Myth: CWD is the biggest threat to whitetail deer

Last year, the Tennessee Wildlife Resource Agency and Tennessee Wildlife Federation tag teamed an all-out media blitzkrieg that warned sportsmen in the Volunteer State that CWD from farm-raised deer would wipe out the state’s entire deer herd with a massive contagion. Their media campaign frightened a lot of hunters and grabbed a lot of headlines.

But while CWD always seems to be singled out as the biggest threat to whitetail deer, the real and ever-present threat to deer herds is hemorrhagic diseases, such as Epizootic Hemorrhagic Disease (EHD) and Bluetongue.

The number of reported deer deaths due to CWD is miniscule compared to EHD and Bluetongue, both of which are acute, often fatal, viral diseases.

Hemorrhagic disease is the most important infectious disease of whitetail deer, and outbreaks occur almost every year in some areas. It is caused by either of two closely related viruses, epizootic hemorrhagic disease (EHD) virus or bluetongue virus. Because disease features produced by these viruses are indistinguishable, a general term, hemorrhagic disease, often is used when the specific virus responsible is unknown.

Unlike CWD, the EHD virus has a published track record for killing large numbers of animals. Wildlife officials in many states have documented “die-offs” attributed to EHD. The Michigan DNR, for example, reports sweeping EHD deaths in several different years — 100 deer in 1974; 50-75 animals in 2006; 150-200 deer in 2008; 300-450 deer in 2009; 1,025 deer in 2010; and 300 deer in 2011.

In total, some wildlife authorities estimate EHD kills between two- and three million deer every year.

EHD and bluetongue viruses are transmitted by biting midges, or gnats, which live in or near water and wet, muddy areas. It is transmitted to deer that congregate at such watering holes during warm, dry weather. The disease is not contagious from one animal to another, and it is not transferable to humans.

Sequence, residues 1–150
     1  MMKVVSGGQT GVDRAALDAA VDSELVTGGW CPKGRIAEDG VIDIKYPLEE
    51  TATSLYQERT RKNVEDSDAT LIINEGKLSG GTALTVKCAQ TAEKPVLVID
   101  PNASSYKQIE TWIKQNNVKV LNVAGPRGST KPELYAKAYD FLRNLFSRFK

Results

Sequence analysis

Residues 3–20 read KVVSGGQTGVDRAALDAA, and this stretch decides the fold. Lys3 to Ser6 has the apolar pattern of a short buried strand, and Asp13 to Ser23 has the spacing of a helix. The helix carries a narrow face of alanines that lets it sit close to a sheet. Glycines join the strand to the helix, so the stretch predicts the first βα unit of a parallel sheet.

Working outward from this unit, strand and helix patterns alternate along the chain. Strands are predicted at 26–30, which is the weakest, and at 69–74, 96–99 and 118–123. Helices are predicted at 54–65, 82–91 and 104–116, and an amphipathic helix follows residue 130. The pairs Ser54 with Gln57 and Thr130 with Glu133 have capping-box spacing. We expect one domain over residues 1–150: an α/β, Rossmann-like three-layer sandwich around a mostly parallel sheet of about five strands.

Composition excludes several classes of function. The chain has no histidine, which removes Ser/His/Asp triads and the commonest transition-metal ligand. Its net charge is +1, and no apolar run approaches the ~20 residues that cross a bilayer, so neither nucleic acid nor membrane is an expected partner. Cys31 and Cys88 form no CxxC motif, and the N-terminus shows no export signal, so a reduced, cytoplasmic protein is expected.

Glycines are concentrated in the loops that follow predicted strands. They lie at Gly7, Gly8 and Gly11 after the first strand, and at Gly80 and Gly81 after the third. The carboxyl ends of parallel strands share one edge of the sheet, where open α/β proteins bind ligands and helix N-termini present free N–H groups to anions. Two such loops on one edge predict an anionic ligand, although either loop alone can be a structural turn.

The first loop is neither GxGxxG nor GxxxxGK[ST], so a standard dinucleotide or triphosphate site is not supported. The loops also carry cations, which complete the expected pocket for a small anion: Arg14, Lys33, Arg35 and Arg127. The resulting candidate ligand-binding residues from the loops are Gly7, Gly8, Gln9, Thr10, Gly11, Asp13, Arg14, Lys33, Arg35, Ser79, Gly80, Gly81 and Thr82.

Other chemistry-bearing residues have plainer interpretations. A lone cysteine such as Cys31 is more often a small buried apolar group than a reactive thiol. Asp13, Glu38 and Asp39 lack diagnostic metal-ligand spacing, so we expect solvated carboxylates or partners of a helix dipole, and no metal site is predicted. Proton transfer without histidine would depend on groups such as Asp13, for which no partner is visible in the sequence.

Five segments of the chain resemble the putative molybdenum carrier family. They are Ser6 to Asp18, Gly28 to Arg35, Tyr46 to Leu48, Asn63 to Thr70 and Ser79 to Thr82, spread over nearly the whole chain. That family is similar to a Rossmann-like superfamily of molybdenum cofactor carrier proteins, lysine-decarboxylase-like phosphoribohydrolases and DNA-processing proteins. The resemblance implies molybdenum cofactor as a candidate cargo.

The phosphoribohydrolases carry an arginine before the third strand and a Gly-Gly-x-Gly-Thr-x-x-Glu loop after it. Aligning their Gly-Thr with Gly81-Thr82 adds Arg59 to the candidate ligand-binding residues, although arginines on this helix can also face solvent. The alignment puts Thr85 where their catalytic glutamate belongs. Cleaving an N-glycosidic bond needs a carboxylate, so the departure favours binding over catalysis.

The spread of the disease is usually cut short with colder, wetter weather that spreads deer out and away from gnat-infested areas, or the first hard frost, which will kill the disease-carrying gnats. Since the incubation period for the disease is five to 10 days, afflicted deer may be observed up to a couple of weeks after frost.

Deer in the early stages of EHD may appear lethargic, disoriented, lame, or unresponsive to humans. As the disease progresses the deer may have bloody discharge from the nose, lesions or sores on the mouth, and swollen, blue tongues. They become emaciated because they stop eating. Sometimes they even stop drinking, although many die close to or in water.

Since deer hunting season usually doesn't open until well after the first killing frost, deer hunters usually don't see live, infected animals. However, hunters should avoid shooting and consuming deer that show any EHD symptoms, even though the disease cannot be transmitted to humans.

EHD typically strikes in late summer and early fall during an unusually warm, dry year when wildlife concentrates at whatever water is available.